It’s happened to all of us: We stride into the Luxor or Mohegan Sun with our wallets filled with cash and a plan for some enjoyable, sensible gaming and perhaps two rounds of drinks. Hours later, we have no idea what time it is or what happened to our money. It’s easy to see how people can get swept up in the casino experience: its lights, music, and physical design all work together to make it hard to walk away from a game of poker, roulette, or blackjack. But how do casinos manage to trick otherwise rational people — people who work hard for their income and make reasoned financial decisions on a day-to-day basis — into throwing hundreds or even thousands of dollars away based on the roll of a dice, spin of a wheel, or draw of a card?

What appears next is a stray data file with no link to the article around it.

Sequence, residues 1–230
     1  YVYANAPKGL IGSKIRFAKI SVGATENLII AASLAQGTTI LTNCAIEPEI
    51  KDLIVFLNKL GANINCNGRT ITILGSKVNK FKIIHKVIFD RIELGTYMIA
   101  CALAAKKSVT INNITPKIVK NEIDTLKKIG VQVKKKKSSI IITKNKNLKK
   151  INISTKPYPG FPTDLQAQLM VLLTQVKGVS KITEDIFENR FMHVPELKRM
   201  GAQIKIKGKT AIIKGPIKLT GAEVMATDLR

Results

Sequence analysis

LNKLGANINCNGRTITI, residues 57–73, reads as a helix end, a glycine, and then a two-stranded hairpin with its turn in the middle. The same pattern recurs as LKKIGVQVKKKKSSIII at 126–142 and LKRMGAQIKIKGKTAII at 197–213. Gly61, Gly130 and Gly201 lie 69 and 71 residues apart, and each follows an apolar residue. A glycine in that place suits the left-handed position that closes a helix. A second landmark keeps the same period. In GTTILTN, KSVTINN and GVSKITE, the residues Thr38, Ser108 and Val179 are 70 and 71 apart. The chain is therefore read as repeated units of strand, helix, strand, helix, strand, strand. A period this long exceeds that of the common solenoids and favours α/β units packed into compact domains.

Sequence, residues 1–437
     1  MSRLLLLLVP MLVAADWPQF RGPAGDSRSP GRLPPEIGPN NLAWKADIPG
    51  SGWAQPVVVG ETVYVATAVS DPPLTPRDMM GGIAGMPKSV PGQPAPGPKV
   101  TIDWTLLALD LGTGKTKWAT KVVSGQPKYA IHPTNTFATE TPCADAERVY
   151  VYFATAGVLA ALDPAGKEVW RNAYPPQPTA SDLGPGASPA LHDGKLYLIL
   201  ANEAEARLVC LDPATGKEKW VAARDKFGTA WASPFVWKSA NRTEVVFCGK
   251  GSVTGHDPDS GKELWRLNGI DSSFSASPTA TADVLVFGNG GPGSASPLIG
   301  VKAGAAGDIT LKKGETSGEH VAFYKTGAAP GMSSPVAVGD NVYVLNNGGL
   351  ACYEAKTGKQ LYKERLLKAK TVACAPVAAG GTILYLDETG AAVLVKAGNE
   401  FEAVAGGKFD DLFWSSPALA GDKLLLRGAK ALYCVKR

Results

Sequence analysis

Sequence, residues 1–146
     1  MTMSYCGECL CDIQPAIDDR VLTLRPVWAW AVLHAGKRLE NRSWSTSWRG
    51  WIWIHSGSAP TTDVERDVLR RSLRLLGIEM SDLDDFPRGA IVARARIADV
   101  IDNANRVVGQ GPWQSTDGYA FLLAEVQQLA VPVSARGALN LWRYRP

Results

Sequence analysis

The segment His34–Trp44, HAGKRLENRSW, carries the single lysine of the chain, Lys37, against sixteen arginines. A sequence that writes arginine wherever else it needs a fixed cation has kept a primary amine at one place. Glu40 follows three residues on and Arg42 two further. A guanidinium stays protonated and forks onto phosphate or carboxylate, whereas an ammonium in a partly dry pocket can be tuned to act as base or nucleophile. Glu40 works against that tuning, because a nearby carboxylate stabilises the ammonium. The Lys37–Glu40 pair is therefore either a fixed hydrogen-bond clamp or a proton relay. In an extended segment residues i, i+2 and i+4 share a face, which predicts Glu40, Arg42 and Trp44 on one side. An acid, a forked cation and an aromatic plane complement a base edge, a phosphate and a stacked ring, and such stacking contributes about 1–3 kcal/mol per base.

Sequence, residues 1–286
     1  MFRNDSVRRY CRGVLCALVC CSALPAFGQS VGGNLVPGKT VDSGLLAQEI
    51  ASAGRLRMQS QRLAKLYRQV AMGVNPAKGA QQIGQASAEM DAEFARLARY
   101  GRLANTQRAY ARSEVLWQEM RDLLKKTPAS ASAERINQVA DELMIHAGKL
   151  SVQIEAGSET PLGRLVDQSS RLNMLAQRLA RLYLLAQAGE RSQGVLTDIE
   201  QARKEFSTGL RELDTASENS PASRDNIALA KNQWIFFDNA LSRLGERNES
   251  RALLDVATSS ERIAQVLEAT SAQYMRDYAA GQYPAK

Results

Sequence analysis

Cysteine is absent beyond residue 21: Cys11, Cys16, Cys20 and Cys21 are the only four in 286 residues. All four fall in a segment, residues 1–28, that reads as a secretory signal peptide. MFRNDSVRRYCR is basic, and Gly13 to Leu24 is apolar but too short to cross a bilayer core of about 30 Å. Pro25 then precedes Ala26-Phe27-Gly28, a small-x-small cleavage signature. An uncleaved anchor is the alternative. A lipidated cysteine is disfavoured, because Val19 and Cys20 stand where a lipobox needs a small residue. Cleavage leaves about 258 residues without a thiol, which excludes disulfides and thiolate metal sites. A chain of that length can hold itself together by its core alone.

The answer is that casinos employ psychological tricks. They use sound, color, and even fragrance to distract gamblers from the fact that they’re spending real money. They also change your cash into colorful chips that look like currency, so you’re still spending actual money but it doesn’t feel as big a loss when you lose.
And to further take the sting out of losing, many casinos offer rewards programs that reward loyal players with free meals, rooms in their hotels, show tickets, and even airfare or limo service. This is called comping, and it’s an effective way to keep you in the casino longer by keeping you coming back for more.